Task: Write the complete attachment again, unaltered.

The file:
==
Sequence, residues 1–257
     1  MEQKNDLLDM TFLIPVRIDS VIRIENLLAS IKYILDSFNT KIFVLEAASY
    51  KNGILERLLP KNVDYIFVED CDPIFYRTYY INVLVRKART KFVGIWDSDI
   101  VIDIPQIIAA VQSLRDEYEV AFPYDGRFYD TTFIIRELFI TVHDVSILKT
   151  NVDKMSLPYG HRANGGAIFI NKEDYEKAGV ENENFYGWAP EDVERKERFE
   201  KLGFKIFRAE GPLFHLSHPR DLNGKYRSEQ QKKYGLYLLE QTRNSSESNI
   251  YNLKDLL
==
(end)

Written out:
Sequence, residues 1–257
     1  MEQKNDLLDM TFLIPVRIDS VIRIENLLAS IKYILDSFNT KIFVLEAASY
    51  KNGILERLLP KNVDYIFVED CDPIFYRTYY INVLVRKART KFVGIWDSDI
   101  VIDIPQIIAA VQSLRDEYEV AFPYDGRFYD TTFIIRELFI TVHDVSILKT
   151  NVDKMSLPYG HRANGGAIFI NKEDYEKAGV ENENFYGWAP EDVERKERFE
   201  KLGFKIFRAE GPLFHLSHPR DLNGKYRSEQ QKKYGLYLLE QTRNSSESNI
   251  YNLKDLL